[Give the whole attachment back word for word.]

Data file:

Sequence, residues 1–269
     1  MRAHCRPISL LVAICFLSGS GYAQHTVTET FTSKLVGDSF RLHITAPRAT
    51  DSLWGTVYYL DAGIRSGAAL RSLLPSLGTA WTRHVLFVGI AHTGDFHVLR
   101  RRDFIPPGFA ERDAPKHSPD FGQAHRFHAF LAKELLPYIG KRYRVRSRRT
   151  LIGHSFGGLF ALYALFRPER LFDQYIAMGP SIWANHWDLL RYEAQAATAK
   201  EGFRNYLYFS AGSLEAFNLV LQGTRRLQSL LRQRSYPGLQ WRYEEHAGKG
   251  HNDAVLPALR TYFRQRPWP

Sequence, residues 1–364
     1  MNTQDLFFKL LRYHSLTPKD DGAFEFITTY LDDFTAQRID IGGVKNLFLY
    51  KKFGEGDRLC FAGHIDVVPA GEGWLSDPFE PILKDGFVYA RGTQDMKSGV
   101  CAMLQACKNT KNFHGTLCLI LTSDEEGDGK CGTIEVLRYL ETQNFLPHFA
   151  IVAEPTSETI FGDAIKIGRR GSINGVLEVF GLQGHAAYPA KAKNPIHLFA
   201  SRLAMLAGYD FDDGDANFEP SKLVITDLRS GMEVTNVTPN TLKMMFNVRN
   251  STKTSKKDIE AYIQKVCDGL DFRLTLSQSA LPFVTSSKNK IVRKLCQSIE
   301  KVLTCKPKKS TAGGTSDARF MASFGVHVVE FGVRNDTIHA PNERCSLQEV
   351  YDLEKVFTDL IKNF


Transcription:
Sequence, residues 1–269
     1  MRAHCRPISL LVAICFLSGS GYAQHTVTET FTSKLVGDSF RLHITAPRAT
    51  DSLWGTVYYL DAGIRSGAAL RSLLPSLGTA WTRHVLFVGI AHTGDFHVLR
   101  RRDFIPPGFA ERDAPKHSPD FGQAHRFHAF LAKELLPYIG KRYRVRSRRT
   151  LIGHSFGGLF ALYALFRPER LFDQYIAMGP SIWANHWDLL RYEAQAATAK
   201  EGFRNYLYFS AGSLEAFNLV LQGTRRLQSL LRQRSYPGLQ WRYEEHAGKG
   251  HNDAVLPALR TYFRQRPWP

Sequence, residues 1–364
     1  MNTQDLFFKL LRYHSLTPKD DGAFEFITTY LDDFTAQRID IGGVKNLFLY
    51  KKFGEGDRLC FAGHIDVVPA GEGWLSDPFE PILKDGFVYA RGTQDMKSGV
   101  CAMLQACKNT KNFHGTLCLI LTSDEEGDGK CGTIEVLRYL ETQNFLPHFA
   151  IVAEPTSETI FGDAIKIGRR GSINGVLEVF GLQGHAAYPA KAKNPIHLFA
   201  SRLAMLAGYD FDDGDANFEP SKLVITDLRS GMEVTNVTPN TLKMMFNVRN
   251  STKTSKKDIE AYIQKVCDGL DFRLTLSQSA LPFVTSSKNK IVRKLCQSIE
   301  KVLTCKPKKS TAGGTSDARF MASFGVHVVE FGVRNDTIHA PNERCSLQEV
   351  YDLEKVFTDL IKNF